Friday, May 13, 2011

Dog (A Review)

My dog seems to know I like to be gazed at, as I know he likes to be touched.  His intense attentiveness gets rewarded with a touch, and every time I reach over to touch (especially) the top of his head, he gazes into my eyes with the ardor of a moony lover.

I do not think the dog is surprisingly smart or well behaved (though, I think, he is a little ahead of the curve in intelligence and sociability).  He has been around me for fourteen and a half years, so perhaps he knows me better than anybody else ever has.  That's not to say he understands me (or I understand him).

I feel guilty about not spending more time with him when I am working--or traveling.  Like all dogs, he is a pack animal, and our relationship, whatever to call it, is just a substitute for having a pack to belong to.  And whatever fondness he feels for me, the truth is that he never chose me.  He may love me, if that's the appropriate word, but he did not decide at age eight weeks to spend the rest of his life with me.  And he stays with me because I am what he knows--not that he has options.  (On the other hand, in the wild, he would have no choice of packs either.  He would take and accept what is available to him.)

I credit him with a lot of moral goodness, even wisdom.  Right now I admire his contentedness with things as they are.  Maybe he lacks the mental resources to imagine things being different--but, then, he does dream, and his dreams do appear to concern things that are not actually happening, so I can't say.  His ability to live in the moment seems untainted by a desire to understand--mere knowledge and familiarity seem to be enough for him.

The past, for instance.  Do dogs have anything resembling nostalgia?  They seem to grieve when something or someone is taken away from them, but couldn't that be more a knowledge of what is NOT, as opposed to a fond consideration of what used to be?  They remember things, but do they have regrets?  I am almost certain that they do not--even though they whimper and cower sometimes when they sense their human companions' displeasure--or when they know, without our knowing anything, that things are not as they usually are.  They seem to know (as well as any of us know) things that have happened in the past, but perhaps they do not pine for or repent of them.  Their histories, to the extent that they have any narrative capacity, seem to merely contain all that has put them where they are today.  They are apparently as unconscious of free will as they are of fate.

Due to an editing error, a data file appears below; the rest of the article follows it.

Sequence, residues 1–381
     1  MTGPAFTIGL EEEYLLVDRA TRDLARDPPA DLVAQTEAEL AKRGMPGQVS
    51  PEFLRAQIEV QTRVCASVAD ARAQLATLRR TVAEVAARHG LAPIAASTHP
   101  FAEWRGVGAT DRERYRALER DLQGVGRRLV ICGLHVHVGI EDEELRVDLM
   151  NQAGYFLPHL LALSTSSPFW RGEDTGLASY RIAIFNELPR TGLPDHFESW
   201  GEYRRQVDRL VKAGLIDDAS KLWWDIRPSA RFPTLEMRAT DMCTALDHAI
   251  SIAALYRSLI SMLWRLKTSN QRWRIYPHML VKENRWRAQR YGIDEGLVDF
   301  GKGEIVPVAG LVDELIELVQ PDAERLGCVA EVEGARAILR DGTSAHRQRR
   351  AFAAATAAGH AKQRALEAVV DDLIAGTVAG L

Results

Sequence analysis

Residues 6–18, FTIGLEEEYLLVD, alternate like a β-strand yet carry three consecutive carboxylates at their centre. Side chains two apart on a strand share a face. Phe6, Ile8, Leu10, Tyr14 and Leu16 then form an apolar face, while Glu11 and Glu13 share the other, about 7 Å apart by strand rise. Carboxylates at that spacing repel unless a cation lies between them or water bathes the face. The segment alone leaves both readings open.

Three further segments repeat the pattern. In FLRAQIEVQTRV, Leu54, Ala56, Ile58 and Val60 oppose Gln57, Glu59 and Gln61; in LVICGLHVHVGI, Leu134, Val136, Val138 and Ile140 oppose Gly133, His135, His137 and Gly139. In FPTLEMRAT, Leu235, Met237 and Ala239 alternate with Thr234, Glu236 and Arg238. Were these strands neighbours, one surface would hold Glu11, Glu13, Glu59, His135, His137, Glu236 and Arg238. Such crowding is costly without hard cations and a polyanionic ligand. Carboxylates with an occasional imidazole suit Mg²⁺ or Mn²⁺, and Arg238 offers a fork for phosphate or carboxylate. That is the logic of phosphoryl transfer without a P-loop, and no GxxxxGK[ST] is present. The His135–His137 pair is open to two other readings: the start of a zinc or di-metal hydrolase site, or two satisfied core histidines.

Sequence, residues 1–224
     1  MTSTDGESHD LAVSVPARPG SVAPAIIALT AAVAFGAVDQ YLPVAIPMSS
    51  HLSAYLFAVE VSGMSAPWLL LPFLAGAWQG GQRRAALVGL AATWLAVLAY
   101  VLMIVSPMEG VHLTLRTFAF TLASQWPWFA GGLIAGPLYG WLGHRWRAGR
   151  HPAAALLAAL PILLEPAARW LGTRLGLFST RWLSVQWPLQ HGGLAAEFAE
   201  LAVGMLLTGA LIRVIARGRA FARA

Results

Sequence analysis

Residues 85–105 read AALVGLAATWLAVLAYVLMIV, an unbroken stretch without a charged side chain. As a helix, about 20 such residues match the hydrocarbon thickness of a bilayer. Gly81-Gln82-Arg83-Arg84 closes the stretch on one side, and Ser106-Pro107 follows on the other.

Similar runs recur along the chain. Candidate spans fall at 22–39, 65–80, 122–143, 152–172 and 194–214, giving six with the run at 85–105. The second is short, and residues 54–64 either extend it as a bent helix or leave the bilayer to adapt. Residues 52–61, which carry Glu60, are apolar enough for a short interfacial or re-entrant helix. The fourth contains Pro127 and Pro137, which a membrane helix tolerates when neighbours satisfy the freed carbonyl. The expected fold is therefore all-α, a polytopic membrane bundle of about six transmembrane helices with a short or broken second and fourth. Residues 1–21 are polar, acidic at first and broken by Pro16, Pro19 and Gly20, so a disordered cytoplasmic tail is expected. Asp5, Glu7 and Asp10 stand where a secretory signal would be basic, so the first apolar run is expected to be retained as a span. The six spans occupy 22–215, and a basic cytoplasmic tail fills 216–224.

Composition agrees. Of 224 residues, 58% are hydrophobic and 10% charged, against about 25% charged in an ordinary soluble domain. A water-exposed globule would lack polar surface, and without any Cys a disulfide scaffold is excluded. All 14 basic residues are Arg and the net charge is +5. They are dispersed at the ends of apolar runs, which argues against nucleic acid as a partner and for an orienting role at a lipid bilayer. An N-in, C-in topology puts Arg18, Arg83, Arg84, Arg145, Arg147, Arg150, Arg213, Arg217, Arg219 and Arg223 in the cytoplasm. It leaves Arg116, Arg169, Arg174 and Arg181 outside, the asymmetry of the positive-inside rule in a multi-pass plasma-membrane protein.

But if he is anything, my dog is a realist.  He knows and accepts things as they are.  If he has ideals, I cannot comprehend them.  What he values is what he is used to--but he is easily adaptable to changes (within boundaries--he seems to accept change only insomuch as it involves a carry-over of a good many things he's familiar with: me, a toy, his bed--and I or somebody like me--a human provider--seems to be the irreducible good for his sense of well-being).

But what I love about my dog most is how mysterious his mind seems to me.  Knowable, to a certain extent, but incomprehensible.  What does he think of music?  Not much, apparently.  And he seems neither amused nor alarmed when I get up on my feet and dance to something I like.  (Is it just that he has better tastes than I do?)  And this morning, after looking lethargic all morning--and having earlier agreed to an only perfunctory walk to relieve himself--though the morning was shining and beautiful--after defining the words "hang dog" all morning, he came running to me with his toy in his mouth.  He wanted to play--out of nowhere this urge to amuse himself and me--and so, careful not to let him hurt himself, I tussled with him for a bit with his toy.  It took only a minute or so to reach the game's end, but I was so touched by the spurt of life energy in him that tears came to my eyes.  It was the happiest I have been all week.  That minute was better than all of Thor in 3-D.

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